Automation Reaches French Vineyards With A Vine-Pruning Robot
Now that Wall-Ye V.I.N. has been built we can rest assured that there are no jobs too sacred to be handed over to the automated expertise of robots. Wall-Ye is a robot that takes the human touch out of caring for those grape vines that make French wines among the best in the world.
Created by Christophe Millot, an inventor based in the Burgundy region of France, Wall-Ye will soon be taking on the most labor-intensive of chores performed in wine vinyards: pruning and de-suckering, or clipping off fruitless shoots. I asked Millot about Wall-Ye and how he might expect French winemakers to feel about putting the fate of their precious grapes in the hands of a robot.
Decked out in white with red trim, Wall-Ye stands about 50 cm (20 in) tall, 60 cm (2 ft) wide and weighs about 20 kg (44 lbs). As it travels up and down the rows of vines six cameras are used to navigate in between, image and cut the plants. Cameras located on the top and bottom ensure that it maintains a straight path in between the vine lanes. Other cameras store the shape and, with GPS, location of every vine. A 3D model AI tells it when to cut the shoots, which it performs with a pair of camera-guided arms with clippers. Unlike its human counterparts Wall-Ye never takes a break and can work day and night to prune up to 600 vines per day. That kind of productivity is why some winemakers are eager to get Wall-Ye working despite its 25,000 euro ($32,000) price tag.
Check out Wall-Ye at work in the following video.
But what about the purity of it all? Winemaking is an art non? Millot acknowledges that, even for French winemakers, economics trumps tradition. He says that there’s simply not enough seasonal workers to go around. The typical vine pruners, de-suckerers and pickers are young people on school break out to make some extra cash. But the problem is in August France goes on vacation, meanwhile the vineyards still need to be tended. Moreover, inexperienced pruners have to be trained for three years before they’re up to speed. It’s a lot of investment that, for some, yields too little return.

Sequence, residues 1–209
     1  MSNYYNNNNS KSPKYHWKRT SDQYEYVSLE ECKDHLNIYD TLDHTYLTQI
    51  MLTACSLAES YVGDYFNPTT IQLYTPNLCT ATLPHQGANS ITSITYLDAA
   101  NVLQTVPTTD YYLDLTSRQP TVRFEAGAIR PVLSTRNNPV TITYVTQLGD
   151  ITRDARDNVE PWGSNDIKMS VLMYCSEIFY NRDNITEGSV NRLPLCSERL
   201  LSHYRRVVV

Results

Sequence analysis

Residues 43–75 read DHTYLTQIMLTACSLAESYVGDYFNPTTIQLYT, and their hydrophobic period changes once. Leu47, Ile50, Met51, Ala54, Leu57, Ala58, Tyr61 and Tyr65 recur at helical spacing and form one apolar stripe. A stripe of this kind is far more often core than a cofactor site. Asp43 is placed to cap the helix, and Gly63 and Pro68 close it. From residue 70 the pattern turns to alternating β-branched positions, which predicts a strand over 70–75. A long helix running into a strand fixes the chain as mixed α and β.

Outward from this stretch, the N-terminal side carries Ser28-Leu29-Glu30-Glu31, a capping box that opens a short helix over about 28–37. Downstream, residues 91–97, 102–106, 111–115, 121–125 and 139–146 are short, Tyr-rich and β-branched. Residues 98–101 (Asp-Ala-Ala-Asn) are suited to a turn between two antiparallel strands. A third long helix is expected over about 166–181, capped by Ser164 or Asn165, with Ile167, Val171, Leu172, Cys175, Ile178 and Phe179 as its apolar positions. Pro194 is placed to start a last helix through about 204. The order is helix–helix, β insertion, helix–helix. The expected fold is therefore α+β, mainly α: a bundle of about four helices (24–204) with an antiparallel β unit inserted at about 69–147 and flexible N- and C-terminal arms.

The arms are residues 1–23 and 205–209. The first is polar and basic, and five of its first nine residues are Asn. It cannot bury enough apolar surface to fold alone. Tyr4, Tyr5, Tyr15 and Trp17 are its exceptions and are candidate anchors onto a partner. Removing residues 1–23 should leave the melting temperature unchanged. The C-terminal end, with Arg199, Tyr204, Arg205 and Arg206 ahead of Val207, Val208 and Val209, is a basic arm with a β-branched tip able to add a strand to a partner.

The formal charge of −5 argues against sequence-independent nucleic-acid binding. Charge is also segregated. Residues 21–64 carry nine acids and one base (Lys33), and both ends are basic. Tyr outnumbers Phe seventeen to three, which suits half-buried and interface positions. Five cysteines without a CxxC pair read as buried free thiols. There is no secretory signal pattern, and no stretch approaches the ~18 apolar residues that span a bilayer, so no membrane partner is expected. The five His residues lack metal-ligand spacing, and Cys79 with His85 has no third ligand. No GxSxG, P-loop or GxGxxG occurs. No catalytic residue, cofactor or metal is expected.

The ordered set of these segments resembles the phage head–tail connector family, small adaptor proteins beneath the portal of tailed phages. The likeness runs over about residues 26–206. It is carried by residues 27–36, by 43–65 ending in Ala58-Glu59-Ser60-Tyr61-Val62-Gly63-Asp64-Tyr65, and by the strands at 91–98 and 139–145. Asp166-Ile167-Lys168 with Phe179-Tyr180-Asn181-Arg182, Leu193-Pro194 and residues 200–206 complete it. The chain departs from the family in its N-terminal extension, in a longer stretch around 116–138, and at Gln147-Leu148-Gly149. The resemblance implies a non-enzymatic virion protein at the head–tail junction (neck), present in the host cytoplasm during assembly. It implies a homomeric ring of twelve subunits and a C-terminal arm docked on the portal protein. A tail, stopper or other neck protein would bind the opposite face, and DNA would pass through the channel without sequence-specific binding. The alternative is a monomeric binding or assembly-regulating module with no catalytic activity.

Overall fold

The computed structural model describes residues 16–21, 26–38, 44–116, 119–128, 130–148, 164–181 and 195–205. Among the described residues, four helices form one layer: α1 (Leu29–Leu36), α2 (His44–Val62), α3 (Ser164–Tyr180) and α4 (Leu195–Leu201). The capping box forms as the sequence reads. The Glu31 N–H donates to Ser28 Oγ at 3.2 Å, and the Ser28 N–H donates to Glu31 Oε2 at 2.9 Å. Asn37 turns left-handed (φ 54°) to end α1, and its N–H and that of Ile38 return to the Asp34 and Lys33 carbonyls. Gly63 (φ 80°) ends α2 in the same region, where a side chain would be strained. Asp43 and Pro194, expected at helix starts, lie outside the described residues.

Inexhaustible as it is, however, Wall-Ye still can’t do all the things human workers can do. As of yet, the robot can’t actually pick the grapes. But Millot told me that grape picking capabilities will be added to the AI next year. “Everyone will benefit from the evolution of its brain.”
Not everyone is excited to replace their human hands. The owner of the Chateau du Val d’Or in Bordeaux, Phillipe Bardet, told the Daily Mail, “Technically it’s interesting, but intellectually, it’s inconceivable. It doesn’t fit with my philosophy of making a Saint Emilion grand cru.”
Bardet, then, won’t be too happy to learn that others are developing robots to work their vineyards. California-based Vision Robotics is developing a much larger vine pruner robot and Canterbury University in Australia is developing their own as well. All three robots use similiar systems: imaging that gets fed into AI 3D modeling to determine when and where to cut.
And in other parts of the world, other culinary specialties are feeling the encroaching robotic revolution. Sushi in Japan and noodles in China are now the domain of robotic chefs. Most headlines about automation focus on robot assembly lines in car factories or the gigantic Chinese Foxconn factory where robots have just now begun to land. But automation will increasingly move into smaller scale, local and less obvious enterprises.
In addition the jobs at stake threaten the joy of working in the vineyards. On a personal note, my wife and her sister are French and many summer hours of their formative years were spent pruning branches and picking grapes in the French countryside, accumulating a great many stories of collecting the goods by day and sampling the goods by night with their friends. It was backbreaking work, but it was also timeless fun. Concerned, I asked my sister-in-law how she felt about Wall-Ye. I was surprised when she told me that she thought it was great, that automation is a favorite topic on the agricultural stations in France, and she cheerfully acknowledged that they wouldn’t need her anymore.
Which leaves me with two conclusions, both of which I already knew: enthusiasm about technological progress is a cross-cultural phenomenon, and I still don’t get the French.